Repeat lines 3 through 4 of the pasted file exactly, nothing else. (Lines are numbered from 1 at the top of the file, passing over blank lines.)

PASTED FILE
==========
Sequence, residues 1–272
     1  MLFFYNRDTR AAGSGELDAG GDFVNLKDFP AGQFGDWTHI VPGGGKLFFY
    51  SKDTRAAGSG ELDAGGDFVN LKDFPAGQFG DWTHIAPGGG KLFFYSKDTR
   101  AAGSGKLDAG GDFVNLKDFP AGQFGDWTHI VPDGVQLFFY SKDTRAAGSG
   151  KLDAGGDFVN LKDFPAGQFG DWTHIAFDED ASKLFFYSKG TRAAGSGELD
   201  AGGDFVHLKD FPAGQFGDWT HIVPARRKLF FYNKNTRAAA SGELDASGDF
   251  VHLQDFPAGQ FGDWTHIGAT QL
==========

    51  SKDTRAAGSG ELDAGGDFVN LKDFPAGQFG DWTHIAPGGG KLFFYSKDTR
   101  AAGSGKLDAG GDFVNLKDFP AGQFGDWTHI VPDGVQLFFY SKDTRAAGSG